Giffords, who has been in rehabilitation in Houston for a gunshot through her head, returned to the store on Saturday evening. She was accompanied by her husband, retired astronaut Mark Kelly, her office said.
"Gabby just visited the Safeway for the 1st time since 1/8/11," Kelly tweeted.
"It's been a tough year, but we're lucky to have so many people standing w/us," he added.
Giffords has only visited the southwest city four times since the deadly shooting spree last year that killed six people and wounded her and 12 others.
In another unannounced visit earlier in the day, Giffords hiked outside Tucson on a desert trail named for her slain aide Gabe Zimmerman, her office said, stopping briefly to talk to hikers.
"The closer we get to Sunday, the more emotional it gets," said Bill Badger, a retired Army colonel hailed as a hero for tackling accused gunman Jared Loughner to the ground as he attempted to reload.
A few hundred people swayed to a steel band at Reid Park in central Tucson, at an upbeat music festival attended by Zimmerman's father, Ross.
"I'm finding this a really positive, uplifting day," Zimmerman told Reuters.
'Recovery and resilience' A few miles to the north, several hundred people visited a trail to remember the youngest victim, 9-year-old Christina-Taylor Green, shot down at the Congress on Your Corner event.
Several of her school friends sketched pictures with chalk on the sidewalk. A message in a child's hand read, "Christina we miss you."
Giffords' spokesman Mark Kimble, who was standing near her when she was shot, said the anniversary was a challenge for the survivors.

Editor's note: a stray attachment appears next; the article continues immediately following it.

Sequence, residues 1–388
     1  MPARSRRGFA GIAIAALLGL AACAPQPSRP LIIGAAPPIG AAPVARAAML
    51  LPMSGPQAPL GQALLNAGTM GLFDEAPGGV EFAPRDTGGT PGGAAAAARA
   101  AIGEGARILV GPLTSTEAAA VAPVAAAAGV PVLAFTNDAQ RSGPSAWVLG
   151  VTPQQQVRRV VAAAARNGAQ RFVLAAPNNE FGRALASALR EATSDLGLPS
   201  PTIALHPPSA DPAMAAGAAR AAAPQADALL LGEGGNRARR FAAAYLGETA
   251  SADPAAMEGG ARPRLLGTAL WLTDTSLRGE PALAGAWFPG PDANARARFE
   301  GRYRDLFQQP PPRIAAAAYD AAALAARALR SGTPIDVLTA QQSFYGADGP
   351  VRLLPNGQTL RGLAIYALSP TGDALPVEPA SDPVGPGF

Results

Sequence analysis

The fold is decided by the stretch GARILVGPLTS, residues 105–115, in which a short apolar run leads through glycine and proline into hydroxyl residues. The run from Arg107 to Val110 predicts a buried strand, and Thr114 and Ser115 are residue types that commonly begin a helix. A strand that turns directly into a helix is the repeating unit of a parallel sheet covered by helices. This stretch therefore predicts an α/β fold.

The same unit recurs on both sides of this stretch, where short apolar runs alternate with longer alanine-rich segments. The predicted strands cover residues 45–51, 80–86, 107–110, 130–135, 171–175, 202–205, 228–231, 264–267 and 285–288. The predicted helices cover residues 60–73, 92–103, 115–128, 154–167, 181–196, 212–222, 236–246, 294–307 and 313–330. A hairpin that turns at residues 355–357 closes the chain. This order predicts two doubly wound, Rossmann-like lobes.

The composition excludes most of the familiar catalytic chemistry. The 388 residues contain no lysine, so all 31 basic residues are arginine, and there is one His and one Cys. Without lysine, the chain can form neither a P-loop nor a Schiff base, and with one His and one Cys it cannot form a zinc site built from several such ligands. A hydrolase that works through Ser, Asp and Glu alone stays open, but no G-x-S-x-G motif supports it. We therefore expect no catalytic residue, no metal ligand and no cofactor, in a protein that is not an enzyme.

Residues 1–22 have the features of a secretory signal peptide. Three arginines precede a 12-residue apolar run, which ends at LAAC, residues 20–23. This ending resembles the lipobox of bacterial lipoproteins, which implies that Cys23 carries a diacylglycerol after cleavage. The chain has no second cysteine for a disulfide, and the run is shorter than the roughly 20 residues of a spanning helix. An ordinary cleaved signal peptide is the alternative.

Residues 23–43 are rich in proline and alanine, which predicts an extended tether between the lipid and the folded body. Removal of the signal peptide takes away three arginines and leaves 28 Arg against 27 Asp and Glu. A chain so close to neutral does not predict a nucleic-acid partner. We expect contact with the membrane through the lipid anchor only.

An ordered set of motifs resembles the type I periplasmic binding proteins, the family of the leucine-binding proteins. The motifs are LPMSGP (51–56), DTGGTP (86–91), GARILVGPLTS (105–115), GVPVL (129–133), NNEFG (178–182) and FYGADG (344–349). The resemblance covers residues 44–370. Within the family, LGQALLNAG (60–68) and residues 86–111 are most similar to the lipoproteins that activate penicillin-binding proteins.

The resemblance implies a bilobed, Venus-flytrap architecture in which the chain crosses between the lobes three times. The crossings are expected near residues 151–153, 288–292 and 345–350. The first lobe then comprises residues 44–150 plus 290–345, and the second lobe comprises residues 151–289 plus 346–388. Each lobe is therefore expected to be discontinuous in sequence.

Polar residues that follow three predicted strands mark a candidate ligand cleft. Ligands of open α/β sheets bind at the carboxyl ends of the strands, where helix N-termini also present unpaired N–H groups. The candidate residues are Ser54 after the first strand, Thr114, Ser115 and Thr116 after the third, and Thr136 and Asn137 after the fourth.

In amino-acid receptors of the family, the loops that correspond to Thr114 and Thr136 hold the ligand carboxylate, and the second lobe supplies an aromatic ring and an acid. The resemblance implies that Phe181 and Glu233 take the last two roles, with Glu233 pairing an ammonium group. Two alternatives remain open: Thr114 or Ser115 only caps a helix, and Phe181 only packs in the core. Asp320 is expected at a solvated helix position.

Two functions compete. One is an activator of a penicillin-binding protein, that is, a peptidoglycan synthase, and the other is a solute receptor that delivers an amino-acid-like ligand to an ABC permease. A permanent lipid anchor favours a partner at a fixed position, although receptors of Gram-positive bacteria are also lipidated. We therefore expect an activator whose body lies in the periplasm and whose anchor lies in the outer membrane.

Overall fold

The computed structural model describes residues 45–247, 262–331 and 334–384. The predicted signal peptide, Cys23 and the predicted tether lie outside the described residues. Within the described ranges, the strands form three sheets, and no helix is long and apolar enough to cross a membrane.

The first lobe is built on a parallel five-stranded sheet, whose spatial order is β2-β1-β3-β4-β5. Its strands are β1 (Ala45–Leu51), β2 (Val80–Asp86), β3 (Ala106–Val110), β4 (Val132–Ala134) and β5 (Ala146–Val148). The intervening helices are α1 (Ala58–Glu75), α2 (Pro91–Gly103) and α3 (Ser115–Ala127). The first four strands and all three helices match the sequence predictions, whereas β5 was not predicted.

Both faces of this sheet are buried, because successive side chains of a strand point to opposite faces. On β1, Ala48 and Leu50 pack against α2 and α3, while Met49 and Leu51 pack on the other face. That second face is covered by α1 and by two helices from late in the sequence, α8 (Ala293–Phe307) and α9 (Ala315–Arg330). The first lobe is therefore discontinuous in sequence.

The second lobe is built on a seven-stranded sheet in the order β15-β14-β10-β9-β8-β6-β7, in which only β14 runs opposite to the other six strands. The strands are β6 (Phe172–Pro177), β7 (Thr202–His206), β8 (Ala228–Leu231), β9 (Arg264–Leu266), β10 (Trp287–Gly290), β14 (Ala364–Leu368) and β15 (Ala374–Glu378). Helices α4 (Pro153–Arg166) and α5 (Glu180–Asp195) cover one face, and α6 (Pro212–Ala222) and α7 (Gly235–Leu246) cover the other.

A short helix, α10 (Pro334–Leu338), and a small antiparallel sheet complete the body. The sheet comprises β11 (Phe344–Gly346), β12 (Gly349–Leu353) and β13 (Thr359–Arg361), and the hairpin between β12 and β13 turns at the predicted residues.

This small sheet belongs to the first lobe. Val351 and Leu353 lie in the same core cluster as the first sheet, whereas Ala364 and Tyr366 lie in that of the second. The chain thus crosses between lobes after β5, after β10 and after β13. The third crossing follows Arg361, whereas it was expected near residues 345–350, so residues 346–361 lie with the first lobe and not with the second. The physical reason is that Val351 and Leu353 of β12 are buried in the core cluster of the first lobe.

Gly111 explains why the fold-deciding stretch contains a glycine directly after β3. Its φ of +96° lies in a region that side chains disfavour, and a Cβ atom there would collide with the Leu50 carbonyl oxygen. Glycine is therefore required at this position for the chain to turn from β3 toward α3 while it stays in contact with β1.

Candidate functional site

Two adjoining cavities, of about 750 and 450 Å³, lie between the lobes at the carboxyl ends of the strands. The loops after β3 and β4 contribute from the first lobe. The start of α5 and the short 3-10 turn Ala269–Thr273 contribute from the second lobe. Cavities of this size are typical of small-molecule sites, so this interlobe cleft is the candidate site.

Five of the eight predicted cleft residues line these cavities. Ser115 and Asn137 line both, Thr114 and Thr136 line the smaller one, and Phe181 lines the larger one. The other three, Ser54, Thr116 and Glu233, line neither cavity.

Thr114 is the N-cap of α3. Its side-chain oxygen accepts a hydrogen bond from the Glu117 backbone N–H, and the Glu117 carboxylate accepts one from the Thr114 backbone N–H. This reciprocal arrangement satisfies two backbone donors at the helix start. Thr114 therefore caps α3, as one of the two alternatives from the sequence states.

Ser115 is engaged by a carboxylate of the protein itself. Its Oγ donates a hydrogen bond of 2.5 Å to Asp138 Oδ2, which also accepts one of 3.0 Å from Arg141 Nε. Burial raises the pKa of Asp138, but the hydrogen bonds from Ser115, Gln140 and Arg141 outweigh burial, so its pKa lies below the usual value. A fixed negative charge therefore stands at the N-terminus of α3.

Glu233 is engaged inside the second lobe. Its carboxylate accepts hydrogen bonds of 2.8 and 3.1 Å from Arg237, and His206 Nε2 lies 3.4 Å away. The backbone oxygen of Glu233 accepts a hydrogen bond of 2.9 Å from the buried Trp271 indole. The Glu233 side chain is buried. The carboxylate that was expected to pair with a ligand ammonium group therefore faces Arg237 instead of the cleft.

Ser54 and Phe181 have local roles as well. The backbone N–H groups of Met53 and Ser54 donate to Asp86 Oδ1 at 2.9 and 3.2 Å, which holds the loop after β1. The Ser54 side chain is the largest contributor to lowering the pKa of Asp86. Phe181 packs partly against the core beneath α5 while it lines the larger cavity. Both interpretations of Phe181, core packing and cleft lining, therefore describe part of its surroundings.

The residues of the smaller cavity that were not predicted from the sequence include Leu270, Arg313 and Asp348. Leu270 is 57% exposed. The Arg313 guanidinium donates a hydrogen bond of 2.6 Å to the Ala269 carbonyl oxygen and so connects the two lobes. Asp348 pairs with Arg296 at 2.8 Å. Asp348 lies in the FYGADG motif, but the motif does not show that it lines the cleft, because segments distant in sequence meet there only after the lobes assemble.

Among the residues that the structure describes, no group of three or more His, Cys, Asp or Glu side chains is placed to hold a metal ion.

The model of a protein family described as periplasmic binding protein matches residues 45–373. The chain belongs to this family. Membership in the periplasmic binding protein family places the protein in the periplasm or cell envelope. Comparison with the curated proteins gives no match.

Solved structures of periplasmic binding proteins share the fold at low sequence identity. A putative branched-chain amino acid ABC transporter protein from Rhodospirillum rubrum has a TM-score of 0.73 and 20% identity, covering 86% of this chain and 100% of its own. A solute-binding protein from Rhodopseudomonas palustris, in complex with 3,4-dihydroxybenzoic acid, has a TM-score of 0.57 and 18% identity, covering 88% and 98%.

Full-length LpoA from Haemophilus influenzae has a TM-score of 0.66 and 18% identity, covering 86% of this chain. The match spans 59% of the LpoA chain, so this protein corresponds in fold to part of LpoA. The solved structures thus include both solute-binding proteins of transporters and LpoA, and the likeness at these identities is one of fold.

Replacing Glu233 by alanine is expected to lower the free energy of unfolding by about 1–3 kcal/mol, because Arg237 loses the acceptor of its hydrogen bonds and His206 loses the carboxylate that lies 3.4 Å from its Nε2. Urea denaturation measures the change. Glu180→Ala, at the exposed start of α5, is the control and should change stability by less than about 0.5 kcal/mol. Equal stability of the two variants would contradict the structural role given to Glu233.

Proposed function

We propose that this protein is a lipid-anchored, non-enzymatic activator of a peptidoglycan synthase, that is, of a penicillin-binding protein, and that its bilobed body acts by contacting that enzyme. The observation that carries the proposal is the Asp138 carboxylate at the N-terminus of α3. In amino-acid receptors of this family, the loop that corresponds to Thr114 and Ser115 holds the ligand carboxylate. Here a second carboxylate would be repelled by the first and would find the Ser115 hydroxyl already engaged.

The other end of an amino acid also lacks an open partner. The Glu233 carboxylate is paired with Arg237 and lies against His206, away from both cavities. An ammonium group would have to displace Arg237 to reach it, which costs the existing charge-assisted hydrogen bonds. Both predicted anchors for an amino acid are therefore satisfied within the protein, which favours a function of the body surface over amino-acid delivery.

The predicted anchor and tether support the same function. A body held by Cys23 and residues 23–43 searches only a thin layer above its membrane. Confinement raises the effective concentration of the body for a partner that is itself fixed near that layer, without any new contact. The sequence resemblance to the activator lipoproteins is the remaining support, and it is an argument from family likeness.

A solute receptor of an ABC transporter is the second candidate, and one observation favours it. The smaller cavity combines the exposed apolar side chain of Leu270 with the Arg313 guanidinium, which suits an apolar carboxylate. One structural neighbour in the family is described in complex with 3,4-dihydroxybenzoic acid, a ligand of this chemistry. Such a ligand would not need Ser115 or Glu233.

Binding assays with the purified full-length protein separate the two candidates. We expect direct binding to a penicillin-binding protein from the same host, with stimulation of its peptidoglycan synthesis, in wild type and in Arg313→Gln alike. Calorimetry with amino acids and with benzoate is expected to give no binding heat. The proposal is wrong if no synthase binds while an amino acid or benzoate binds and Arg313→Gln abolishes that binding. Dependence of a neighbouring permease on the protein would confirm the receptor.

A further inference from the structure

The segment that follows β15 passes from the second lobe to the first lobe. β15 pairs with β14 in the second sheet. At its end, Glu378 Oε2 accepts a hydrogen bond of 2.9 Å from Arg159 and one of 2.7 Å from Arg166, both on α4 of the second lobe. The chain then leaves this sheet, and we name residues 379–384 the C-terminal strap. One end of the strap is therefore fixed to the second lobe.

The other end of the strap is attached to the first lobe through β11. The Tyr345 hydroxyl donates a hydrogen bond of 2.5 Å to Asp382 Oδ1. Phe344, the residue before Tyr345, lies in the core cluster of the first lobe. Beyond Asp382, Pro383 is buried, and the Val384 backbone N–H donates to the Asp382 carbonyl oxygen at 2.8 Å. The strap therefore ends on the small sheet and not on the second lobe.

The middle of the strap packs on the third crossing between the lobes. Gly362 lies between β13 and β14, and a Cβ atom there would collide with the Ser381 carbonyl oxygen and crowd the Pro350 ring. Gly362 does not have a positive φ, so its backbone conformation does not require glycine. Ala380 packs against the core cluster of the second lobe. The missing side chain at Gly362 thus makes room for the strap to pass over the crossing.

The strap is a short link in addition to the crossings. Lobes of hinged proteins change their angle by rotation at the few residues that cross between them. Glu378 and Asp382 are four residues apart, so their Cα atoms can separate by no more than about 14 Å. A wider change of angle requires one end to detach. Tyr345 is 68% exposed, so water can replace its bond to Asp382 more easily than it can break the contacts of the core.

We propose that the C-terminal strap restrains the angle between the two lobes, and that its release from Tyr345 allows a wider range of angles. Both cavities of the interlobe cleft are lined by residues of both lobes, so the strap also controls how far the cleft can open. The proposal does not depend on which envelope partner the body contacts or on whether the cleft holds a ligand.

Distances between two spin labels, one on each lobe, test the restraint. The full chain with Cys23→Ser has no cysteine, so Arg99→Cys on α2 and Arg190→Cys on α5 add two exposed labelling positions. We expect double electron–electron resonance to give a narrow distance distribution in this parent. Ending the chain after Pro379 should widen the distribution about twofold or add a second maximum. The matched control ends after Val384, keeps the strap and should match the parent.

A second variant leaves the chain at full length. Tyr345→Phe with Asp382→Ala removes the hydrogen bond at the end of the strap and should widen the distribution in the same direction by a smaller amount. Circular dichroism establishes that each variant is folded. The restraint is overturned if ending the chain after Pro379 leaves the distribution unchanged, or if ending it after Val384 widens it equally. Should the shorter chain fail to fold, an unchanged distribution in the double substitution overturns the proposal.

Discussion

"I think very often about it on Saturday mornings, especially this time of year when the weather is similar," he said.
Giffords, who has been undergoing intensive therapy at a Houston hospital since she was shot, will join a candlelight vigil at the University of Arizona on Sunday evening with her husband.
The event is expected to draw thousands of residents of residents of Tucson, a city of 520,000 people that many describe as a "small big town."
Also taking part in the vigil will be Tucson Mayor Jonathan Rothschild, Rabbi Stephanie Aaron and Dr. Peter Rhee, chief of the division of trauma, critical care and emergency surgery at the University of Arizona Medical Center, who treated Giffords and others who were wounded in the shooting.
"I don't want to go on Dr. Phil and tell him how long I cried after I got shot," Fuller told Reuters.Some survivors have chosen to talk about the traumatic events of the shooting. But Navy veteran Eric Fuller, who was shot in the leg and back a year ago, said he preferred not to dwell on the tragedy.
Fuller said he would attend events including a church service and vigil on Sunday evening.
College dropout Loughner, 23, was arrested at the scene of the shooting and charged with crimes including attempting to assassinate Giffords. He pleaded not guilty.
Found mentally unfit to stand trial, he is being treated in a federal prison hospital in Missouri.